But they miscalculated badly, the moves haven’t worked out and the Pelicans are now planted firmly in the dreaded “middle.” As presently composed, they lack the talent to do much more than sniff the .500 mark. Worse still, they’ve got over $56 million committed to player salaries through the 2015-16 season.
We tend to get too caught up in the binary thought exercise of telling teams to either “go for it” or “tank.” There are smarter, more deliberate ways to build a winner; just ask the Houston Rockets, Oklahoma City Thunder or Golden State Warriors.
Let’s say they do sell off the assets they have in an effort to bottom out. At the very least, that’d be a defensible move because the Pellies could retain their top-five protected pick in this year’s draft.
But we’ve seen the toll deliberate losing can take on promising players. And Davis is as promising as they come.
A losing culture is a difficult thing to change. The damage done to every player who came through the Sacramento Kings’ system over the past decade was severe. Even now, DeMarcus Cousins is still recovering from the poisonous Kings environment in which he “developed.”
The ground in New Orleans probably isn’t as toxic as it was in Sacramento, but it’s not exactly fertile either. The Pelicans’ foolish offseason moves indicated a discouraging impatience and a lack of long-term vision that should make us wary of the front office’s ability to support Davis through a longer-than-expected rebuild.
Tanking is a dangerous play, but it might be the only one the Pelicans have.
JM: The comparison to the Kings' situation with DeMarcus Cousins makes sense, at least on the surface, though there's one key difference here that changes the equation considerably between the two: ownership. Sacramento stunk for so long (and still stinks) because the Maloof brothers had neither the resources nor (apparently) the interest to slog through a proper rebuild.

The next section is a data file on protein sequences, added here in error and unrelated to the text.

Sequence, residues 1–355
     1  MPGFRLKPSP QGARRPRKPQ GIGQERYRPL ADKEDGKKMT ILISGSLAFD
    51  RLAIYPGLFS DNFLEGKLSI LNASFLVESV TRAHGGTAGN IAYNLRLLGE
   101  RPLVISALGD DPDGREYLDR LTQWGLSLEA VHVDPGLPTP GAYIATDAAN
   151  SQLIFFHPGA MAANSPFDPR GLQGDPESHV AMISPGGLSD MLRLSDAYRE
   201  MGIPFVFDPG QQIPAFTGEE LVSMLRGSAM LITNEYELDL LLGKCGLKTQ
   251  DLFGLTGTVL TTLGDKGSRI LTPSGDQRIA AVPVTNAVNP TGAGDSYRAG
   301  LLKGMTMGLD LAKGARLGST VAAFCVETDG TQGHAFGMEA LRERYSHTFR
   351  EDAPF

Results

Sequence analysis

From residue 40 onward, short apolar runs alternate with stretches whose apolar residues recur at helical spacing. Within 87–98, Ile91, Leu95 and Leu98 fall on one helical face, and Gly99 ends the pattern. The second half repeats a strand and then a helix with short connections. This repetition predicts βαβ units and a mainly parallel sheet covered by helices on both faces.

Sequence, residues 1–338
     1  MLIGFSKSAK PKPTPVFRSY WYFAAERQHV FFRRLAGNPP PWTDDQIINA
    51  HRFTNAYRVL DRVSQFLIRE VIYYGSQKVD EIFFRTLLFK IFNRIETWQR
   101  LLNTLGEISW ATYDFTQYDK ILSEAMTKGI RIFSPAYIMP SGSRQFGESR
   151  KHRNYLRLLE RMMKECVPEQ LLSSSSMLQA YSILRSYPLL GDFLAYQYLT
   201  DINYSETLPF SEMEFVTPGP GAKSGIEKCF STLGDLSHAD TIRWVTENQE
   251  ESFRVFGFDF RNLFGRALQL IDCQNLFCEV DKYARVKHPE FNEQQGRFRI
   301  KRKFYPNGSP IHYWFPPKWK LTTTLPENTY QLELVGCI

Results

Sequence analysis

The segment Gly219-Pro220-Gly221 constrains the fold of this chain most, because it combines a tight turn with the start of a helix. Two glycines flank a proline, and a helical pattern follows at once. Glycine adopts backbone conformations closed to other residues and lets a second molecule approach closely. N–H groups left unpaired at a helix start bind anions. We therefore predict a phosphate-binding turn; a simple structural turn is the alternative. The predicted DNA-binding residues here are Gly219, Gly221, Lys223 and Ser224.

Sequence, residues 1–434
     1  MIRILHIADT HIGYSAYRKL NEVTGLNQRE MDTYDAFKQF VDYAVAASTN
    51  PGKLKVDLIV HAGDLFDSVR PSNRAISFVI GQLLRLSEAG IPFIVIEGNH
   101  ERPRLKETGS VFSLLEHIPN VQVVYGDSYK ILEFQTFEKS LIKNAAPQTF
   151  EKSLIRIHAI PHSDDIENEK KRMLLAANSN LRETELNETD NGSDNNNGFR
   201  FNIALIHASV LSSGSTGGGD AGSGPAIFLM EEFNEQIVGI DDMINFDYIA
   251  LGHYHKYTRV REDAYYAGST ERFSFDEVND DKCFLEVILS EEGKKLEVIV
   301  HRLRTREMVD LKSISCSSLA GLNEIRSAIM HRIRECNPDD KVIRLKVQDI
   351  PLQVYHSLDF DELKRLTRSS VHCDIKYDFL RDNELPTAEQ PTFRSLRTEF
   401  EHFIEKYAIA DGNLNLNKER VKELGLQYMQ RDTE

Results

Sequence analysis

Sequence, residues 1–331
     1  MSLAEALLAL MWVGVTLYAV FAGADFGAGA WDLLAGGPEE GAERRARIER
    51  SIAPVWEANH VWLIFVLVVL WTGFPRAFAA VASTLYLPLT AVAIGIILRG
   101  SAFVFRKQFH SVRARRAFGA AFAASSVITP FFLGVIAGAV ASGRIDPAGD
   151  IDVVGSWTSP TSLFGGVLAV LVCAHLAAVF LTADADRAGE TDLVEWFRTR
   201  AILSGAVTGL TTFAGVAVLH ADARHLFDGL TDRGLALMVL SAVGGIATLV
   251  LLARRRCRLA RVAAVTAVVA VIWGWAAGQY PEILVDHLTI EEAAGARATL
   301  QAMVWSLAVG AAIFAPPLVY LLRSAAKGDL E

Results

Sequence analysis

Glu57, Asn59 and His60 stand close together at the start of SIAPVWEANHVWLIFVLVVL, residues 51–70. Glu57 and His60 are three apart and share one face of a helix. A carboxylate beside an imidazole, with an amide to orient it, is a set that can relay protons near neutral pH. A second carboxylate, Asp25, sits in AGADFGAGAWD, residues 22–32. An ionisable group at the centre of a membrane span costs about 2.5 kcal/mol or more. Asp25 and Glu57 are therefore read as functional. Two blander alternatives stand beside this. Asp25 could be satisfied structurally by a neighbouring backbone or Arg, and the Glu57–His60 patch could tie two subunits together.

New Orleans, on the other hand, does. According to Forbes, Tom Benson, who took the franchise off the NBA's hands in 2012, was worth $1.3 billion as of September of 2013. He's brought stability to a team that, for a time, was so rudderless that Chris Paul and David West felt they had no choice but to jump ship back in 2011 (per Yahoo Sports' Marc J. Spears).
Of course, that same financial largesse and enthusiasm from Benson's regime is largely responsible for the moves you've characterized as "miscalculations" on the Pelicans' part. But, by splashing some cash last summer, the new ownership demonstrated a clear willingness to spend, which any organization needs from its decision-makers if it's going to build a winner.
Also, I'm not so sure those moves were all bad, or that they won't pan out. The four-year, $44 million contract the team doled out to Tyreke Evans is clearly the biggest blemish, given his injury history, that poisonous stench he carried over from the Kings and the extent to which he's struggled to adjust to a new role on a new team in a new city this season.
That being said, Evans has shown signs of life, albeit in fits and spurts. He's scored 15 or more points on 19 occasions and logged a triple-double in December, during his first game back from an ankle injury. The kid's clearly a talent, and, at 24, still has plenty of room to grow and time within which to do so.
The same could be said for every member of New Orleans' current nucleus. Jrue Holiday was an All-Star with the Philadelphia 76ers in 2012-13 and was enjoying his most efficient season to date with the Pels before suffering a stress fracture in his right tibia last month. Two lottery picks is a steep price to pay, even if one of them came in a weak 2013 draft and the other lands outside the top five in 2014. But for a player of Holiday's age (he turns 24 in June), ability and reasonable salary (he's owed just under $33 million over the next three seasons), the cost could be well worth it.
The 25-year-old Ryan Anderson has been a revelation when healthy (19.8 points, 40.9 percent from three). Eric Gordon, the most "injury-prone" of them all, has missed just three games this season and just turned 25 this past Christmas.